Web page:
Sowing the seeds of a sustainable agriculture program

Sowing the seeds of a sustainable agriculture program
Bishop’s Principal Michael Goldbloom, Provincial Higher Education Minister Danielle McCann, and Saint-Francois MNA Genevieve Hebert at Thursday’s announcement (Photo : Gordon Lambie)

By Gordon Lambie
Local Journalism Initiative

On Thursday afternoon the provincial government announced $1.8 million in financial support for Bishop’s University’s Sustainable Agriculture and Food Systems program, to be spread out over the next three years.

“Developing expertise in the field of sustainable agriculture and organic food systems is important to our economy,” said Danielle McCann, the province’s Minister of Higher Education. “I am confident that the university’s expertise will make it possible to develop this promising niche in agriculture to gain more knowledge and benefit the entire population of Quebec.”

McCann underlined the importance of supporting studies into sustainable practices in agriculture, in particular, as something that stand to benefit farmers in all regions of the province.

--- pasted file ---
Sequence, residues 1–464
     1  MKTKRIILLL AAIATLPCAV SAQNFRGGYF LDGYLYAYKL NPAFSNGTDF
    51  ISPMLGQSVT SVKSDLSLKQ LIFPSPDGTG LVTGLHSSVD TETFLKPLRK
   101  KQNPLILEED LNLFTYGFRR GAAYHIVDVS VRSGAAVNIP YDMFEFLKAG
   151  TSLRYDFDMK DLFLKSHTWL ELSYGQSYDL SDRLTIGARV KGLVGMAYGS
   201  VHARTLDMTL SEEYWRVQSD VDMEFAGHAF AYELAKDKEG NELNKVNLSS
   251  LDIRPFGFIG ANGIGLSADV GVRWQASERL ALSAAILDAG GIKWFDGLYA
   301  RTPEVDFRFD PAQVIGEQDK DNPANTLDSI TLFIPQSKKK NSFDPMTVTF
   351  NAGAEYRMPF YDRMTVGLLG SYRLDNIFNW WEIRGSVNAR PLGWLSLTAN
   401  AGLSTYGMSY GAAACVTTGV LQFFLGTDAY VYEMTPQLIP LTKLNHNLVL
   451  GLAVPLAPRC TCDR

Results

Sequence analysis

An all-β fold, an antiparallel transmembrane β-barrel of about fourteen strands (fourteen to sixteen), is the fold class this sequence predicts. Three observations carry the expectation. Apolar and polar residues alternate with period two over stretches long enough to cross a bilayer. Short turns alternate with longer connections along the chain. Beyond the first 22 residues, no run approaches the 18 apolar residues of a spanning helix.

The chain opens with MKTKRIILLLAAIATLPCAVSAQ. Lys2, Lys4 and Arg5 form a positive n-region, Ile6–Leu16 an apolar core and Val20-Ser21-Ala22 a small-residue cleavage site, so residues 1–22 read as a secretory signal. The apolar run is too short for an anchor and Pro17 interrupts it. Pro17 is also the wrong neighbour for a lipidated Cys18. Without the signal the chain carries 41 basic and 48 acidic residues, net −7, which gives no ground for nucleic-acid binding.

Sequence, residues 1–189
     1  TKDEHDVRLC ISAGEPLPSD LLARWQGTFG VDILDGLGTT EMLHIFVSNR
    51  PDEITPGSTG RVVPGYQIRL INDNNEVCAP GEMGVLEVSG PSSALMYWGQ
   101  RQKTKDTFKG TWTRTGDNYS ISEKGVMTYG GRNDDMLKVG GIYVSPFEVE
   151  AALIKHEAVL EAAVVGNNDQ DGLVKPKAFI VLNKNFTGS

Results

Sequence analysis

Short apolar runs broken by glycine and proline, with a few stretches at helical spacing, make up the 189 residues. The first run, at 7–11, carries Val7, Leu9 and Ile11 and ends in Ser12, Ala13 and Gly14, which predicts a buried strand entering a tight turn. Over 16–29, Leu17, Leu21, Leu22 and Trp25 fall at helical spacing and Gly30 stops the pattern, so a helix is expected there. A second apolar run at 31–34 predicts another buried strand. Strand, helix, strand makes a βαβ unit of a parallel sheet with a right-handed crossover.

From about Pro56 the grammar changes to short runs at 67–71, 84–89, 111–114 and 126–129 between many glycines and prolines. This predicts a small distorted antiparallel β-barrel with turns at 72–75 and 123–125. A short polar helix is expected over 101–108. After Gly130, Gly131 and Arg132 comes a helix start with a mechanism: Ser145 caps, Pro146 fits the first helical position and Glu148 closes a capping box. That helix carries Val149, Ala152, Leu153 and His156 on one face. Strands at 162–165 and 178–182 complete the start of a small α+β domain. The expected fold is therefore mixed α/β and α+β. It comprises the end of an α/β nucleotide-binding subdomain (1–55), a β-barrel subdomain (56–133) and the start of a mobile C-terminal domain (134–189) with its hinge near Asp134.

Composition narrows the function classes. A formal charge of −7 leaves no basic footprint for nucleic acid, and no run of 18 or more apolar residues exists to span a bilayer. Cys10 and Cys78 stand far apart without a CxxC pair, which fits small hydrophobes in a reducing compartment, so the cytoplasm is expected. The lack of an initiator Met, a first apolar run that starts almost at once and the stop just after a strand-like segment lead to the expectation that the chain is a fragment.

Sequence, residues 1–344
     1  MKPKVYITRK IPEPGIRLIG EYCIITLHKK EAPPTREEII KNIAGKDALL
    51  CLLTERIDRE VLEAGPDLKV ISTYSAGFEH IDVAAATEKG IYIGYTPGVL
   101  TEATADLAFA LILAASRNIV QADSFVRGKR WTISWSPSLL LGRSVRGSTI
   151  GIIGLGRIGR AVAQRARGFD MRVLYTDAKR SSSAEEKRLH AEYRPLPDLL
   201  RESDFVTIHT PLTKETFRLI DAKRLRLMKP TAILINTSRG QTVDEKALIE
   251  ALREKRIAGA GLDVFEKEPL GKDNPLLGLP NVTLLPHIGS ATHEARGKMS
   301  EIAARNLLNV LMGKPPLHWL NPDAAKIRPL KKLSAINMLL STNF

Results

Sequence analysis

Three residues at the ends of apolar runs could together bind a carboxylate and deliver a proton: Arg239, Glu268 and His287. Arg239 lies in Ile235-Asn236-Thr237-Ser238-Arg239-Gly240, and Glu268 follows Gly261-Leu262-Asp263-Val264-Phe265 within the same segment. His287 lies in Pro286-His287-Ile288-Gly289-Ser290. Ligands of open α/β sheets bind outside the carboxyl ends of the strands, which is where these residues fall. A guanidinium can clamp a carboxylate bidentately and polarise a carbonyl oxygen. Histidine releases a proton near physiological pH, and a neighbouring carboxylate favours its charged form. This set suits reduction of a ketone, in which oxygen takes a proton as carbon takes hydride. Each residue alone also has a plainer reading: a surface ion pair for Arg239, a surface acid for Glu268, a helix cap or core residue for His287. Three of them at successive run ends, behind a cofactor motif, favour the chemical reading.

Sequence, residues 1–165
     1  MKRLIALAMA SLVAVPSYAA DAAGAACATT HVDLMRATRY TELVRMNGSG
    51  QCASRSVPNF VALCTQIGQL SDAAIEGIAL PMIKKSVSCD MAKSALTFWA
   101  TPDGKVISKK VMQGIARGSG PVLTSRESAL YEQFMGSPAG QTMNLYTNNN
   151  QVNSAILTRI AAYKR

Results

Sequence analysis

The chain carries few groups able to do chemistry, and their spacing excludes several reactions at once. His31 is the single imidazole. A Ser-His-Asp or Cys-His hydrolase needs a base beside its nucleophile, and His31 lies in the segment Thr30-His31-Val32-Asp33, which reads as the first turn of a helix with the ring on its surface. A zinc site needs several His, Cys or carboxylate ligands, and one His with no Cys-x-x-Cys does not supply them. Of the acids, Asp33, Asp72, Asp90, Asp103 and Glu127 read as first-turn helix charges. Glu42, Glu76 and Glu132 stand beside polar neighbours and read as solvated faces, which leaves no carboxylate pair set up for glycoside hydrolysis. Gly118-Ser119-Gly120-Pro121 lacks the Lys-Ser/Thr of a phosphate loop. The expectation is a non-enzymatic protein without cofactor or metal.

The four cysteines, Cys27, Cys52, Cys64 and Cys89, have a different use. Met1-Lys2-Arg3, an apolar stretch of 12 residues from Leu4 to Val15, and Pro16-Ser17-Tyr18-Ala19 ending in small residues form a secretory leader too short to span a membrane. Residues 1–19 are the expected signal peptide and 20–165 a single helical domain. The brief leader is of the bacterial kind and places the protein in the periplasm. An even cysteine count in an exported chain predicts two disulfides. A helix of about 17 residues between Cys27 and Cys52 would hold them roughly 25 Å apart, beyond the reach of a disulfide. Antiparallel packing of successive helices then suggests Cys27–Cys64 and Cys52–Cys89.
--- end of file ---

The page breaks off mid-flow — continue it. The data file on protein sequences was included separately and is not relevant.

“Basically it’s seed money,” said Darren Bardati, Chair of the Department of Environment and Geography and co-founder of the sustainable agriculture program, explaining that the funding will allow the program to hire new faculty and expand the course offering to the point where the University can offer a major in the subject. “Like all things it will take a while to start generating its own revenue,” he added.

During Thursday’s announcement, Bishop’s Principal Michael Goldbloom explained that the origins of the program date back to efforts made in 2016 to find new revenue streams for the university. Faculty members were challenged to come up with ideas for new programs that could both serve as an innovative field of study and also an additional source of income. He credited the idea for the sustainable agriculture program and the development of the “living laboratory” farm that has been set up on Glenday Road to Bardati and Math professor Brad Willms, both of whom he referred to as “true academic entrepreneurs.”

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